3. Create art. A good open studio will showcase a few phases of your work. It gives people a chance to see old pieces that you want to get out of storage, but also new pieces that show what direction you’re going in. Finishing unfinished pieces is the best way to clear out stagnant supplies and make something new. It’s the nexus of what an open studio is all about. As you create, don’t forget to share your progress on social media so that people get excited about your sale.

4. Photograph or scan your art. It is so important to get good images of your art so that you can market it and have a record of your work once it sells. With great photography you can also make reproductions of your work which we will get to soon. There are so many tutorials online for taking quality pictures of your work. All you have to do is google it. The most important thing is getting the lighting right. If you’re not confident about your photography or your camera, have a friend or a professional help you.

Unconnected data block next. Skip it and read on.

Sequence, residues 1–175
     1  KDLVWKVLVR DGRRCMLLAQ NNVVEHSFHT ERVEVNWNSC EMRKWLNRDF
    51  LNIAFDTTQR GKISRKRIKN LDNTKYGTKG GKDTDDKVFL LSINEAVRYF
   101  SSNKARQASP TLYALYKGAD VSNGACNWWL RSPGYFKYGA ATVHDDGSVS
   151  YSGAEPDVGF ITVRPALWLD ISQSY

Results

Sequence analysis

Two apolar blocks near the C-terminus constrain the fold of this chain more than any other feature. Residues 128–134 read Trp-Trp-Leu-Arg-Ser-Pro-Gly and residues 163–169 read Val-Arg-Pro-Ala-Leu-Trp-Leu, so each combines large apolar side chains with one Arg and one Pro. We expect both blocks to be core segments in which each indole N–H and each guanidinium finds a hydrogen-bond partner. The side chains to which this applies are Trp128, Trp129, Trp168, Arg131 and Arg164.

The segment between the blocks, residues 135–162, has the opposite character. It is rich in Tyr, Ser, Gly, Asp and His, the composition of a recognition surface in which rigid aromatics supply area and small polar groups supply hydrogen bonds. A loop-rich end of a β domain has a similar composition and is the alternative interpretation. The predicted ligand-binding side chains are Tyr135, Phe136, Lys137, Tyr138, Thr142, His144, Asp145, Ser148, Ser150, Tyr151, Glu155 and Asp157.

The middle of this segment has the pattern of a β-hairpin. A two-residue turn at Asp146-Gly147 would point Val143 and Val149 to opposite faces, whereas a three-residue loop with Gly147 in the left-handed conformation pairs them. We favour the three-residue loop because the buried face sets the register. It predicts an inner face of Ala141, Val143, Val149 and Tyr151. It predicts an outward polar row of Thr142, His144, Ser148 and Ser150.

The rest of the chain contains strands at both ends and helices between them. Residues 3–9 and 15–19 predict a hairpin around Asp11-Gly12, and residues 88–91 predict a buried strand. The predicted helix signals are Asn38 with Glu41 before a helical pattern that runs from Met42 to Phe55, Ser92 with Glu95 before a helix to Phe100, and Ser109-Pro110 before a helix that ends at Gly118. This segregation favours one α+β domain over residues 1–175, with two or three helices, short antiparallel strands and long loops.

5. Make Prints. By making reproductions of your work you accomplish a few things. You allow people who don’t have a lot of money to purchase your art and you also stretch the amount of money one painting can generate. I still sell prints of paintings that sold years ago. Great images and reproductions are the gifts to yourself that keep on giving. You’ll want to take your quality digital images to a professional printer, or have a print shop scan them. There are different qualities of prints, so a little research goes a long way. Then back the prints with acid free mat board and put them in acid free clear sleeves. I pick those up from my local art supply store. I typically order five prints of five different images so that I order twenty five prints at a time.